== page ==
Workshop: Disability, Prosthesis, and Patenting in Historical Perspective (Leeds)

Disability, Prostheses, and Patenting in Historical Perspective
An international and interdisciplinary workshop
Leeds City Museum, Leeds, UK
18th-19th September 2014

As part of the AHRC Research Network “Rethinking Patenting Cultures”, colleagues are invited to attend this two-day workshop on the history of patenting cultures with particular regard to disability and prostheses. This event will see scholars from a wide range of disciplinary backgrounds come together to examine the relationship between physical impairment and commerce and the ways in which the commodification of disability affected everyday life and health from the eighteenth century.

The workshop will also include a public panel debate on historical and current representations of disability within museums and heritage organisations.

The symposium will take place at Leeds City Museum in the centre of Leeds. The full programme is appended below, and is also available through the website: http://rethinkingpatentcultures.wordpress.com/about/workshop-3/programme/

Registration
A very limited number of places are available at the workshop for non-speakers and these will be allocated on a first-come first-served basis. Please visit the project website to register, specifying “Workshop 3”: http://rethinkingpatentcultures.wordpress.com/get-involved/. A registration fee is payable to cover catering costs. Please address any queries to the Network Administrator, Carl Warom: rethinkingpatentcultures@gmail.com.

We would be grateful if you could circulate this email to other colleagues and students who may be interested.

 
Programme

Day 1, Thursday 18th September

12.30 – 1.15pm, Lunch

1.15 – 1.30pm, Introduction and Outline

Claire Jones (University of Leeds/KCL)

1.30 – 2.30pm, Session 1: Hearing aids in the Nineteenth Century (Chair/commentator: Mara Mills, NYU)

  • ‘Use, Wear and Adaptation: Interpreting aids to the deaf In Victorian Britain’ – Karen Sayer (Leeds Trinity)
  • “You can’t see them—they’re invisible!” Patenting Artificial Eardrums in Britain and America, 1850-1930 – Jai Virdi (University of Toronto)

2.30 – 2.45pm, Coffee

2.45 – 4.15pm, Session 2: Hearing aids in the Twentieth Century (Chair/commentator: Karen Sayer, Leeds Trinity)

  • Zenith’s Patents and Hearing Aid Costs – Mara Mills (New York)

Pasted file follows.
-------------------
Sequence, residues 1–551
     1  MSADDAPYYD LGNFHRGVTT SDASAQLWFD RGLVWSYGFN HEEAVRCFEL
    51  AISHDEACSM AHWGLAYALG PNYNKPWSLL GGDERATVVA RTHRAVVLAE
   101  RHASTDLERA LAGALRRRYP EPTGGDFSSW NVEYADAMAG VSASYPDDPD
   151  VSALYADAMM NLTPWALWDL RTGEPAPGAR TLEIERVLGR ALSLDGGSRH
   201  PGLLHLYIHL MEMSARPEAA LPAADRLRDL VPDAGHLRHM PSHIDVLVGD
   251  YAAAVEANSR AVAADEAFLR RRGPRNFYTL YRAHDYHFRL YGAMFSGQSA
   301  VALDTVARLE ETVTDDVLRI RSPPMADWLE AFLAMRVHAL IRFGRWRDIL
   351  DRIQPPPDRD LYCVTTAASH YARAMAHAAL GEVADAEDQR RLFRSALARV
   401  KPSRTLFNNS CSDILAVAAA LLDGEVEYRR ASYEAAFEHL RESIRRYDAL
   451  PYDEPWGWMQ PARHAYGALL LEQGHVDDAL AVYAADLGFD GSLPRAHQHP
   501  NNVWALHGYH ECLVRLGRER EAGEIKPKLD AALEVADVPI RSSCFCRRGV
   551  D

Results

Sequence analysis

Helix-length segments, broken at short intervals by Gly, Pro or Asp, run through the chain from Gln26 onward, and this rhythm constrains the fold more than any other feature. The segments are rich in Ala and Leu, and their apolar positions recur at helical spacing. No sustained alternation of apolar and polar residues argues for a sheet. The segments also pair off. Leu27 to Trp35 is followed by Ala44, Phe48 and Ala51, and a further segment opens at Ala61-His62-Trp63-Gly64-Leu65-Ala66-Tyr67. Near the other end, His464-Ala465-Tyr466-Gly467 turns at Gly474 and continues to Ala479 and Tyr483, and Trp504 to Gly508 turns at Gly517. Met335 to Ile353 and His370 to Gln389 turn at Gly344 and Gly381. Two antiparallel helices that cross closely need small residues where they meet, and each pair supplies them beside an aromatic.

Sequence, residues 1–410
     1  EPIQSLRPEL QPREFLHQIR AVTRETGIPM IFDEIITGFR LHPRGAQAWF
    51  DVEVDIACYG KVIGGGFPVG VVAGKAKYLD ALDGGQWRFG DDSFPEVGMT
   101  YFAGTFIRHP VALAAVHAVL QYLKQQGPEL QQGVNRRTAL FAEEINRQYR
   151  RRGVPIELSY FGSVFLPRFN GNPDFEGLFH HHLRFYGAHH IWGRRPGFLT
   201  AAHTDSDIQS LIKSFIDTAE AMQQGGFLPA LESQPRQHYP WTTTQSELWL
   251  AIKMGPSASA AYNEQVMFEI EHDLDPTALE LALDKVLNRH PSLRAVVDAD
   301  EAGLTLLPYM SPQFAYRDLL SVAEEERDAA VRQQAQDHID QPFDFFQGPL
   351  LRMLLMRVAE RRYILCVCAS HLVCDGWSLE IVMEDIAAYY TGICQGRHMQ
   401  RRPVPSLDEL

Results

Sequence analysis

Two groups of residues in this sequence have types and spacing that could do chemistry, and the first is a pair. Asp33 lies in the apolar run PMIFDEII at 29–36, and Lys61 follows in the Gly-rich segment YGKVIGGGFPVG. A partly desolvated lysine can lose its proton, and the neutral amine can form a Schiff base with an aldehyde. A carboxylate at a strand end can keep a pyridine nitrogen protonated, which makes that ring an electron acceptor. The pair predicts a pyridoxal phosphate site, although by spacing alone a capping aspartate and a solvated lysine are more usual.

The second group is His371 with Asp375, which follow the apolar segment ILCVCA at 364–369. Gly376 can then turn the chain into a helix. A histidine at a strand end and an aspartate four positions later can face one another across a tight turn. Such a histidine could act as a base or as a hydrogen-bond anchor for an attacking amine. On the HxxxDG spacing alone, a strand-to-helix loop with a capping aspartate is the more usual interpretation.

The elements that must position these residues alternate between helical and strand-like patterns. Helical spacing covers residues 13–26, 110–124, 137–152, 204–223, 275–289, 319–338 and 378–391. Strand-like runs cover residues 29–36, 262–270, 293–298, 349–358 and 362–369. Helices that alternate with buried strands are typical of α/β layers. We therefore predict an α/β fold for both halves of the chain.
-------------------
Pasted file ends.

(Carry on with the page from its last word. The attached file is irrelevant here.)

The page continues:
• ‘Amplified telephony: the Contest Between Post Office Provision and Unpatented Invention’ – Coreen McGuire (University of Leeds)
  • Recovering the Early Rhetorics of Disability, Prosthesis, and Intellectual Property: the Discourses of the 19th and Early-20th Century Hearing Aids in Britain and the United States- Sushil Oswal (University of Washington)

4.30 – 6pm, Public Panel Debate

Museums and the Display of Disability

  • Jocelyn Dodd, (Research Centre for Museums and Galleries, School of Museum Studies, University of Leicester)
  • Nicky Reeves, (The Hunterian, University of Glasglow)
  • Emma Shepley, (Reframed, Royal College of Physicians, London)
  • Rosie Sherrington, (English Heritage, Disability in Time and Place project)

Day 2, Friday 19th September

9.30 – 10.30am, Session 3: Disability and Prostheses in the Nineteenth Century (Chair/commentator – Zorina Khan (Bowdoin College, Brunswick ME))

  • Derenzy’s “One-Handed Apparatus” and the Publication of Material Technologies for Disability in the Early Nineteenth Century – Laurel Daen (College of William & Mary, Williamsberg, Virgina)
  • “Non-medical men, or medical speculators in patents”:The Business and Ethics of Antebellum Artificial Limbs – Caroline Lieffers (University of Alberta)

10.30 – 11.30am Session 4: Disability and Prostheses in Nineteenth Century Literature (Chair/commentator: Jamie Stark)

  • Disabling the Stigma: Charles Dickens and Disability in Victorian London – Kristen Starkowski (Princeton University)
  • “Twas a Splendid, Brilliant, Beautiful Leg”: Bespoke and Patented Prostheses in Victorian Marriage Plots- Ryan Sweet (University of Exeter)

11. 30 – 11.45am, Coffee

11.45 – 1.15pm, Session 5: Disability and Prostheses in the Twentieth Century (Chair/commentator: Graeme Gooday)

  • Amputation in the First World War and Patented Practice- Julie Anderson (University of Kent)
  • The “Moment of Recovery” in American Campaigns Against Colon Cancer in the 1950s- David Cantor (NIH)
  • Access to Assisting Technologies for Disabled Persons: Role of Patent System- Rujitha Shenoy (Gujarat National Law University)

1.15 – 2.15pm Lunch

2.15 – 3.15pm, Closing Discussion: ‘What can we learn from the history of patenting and disability?’ (Chair: Graeme Gooday)

Panelists: Mara Mills, Zorina Khan, Claire Jones

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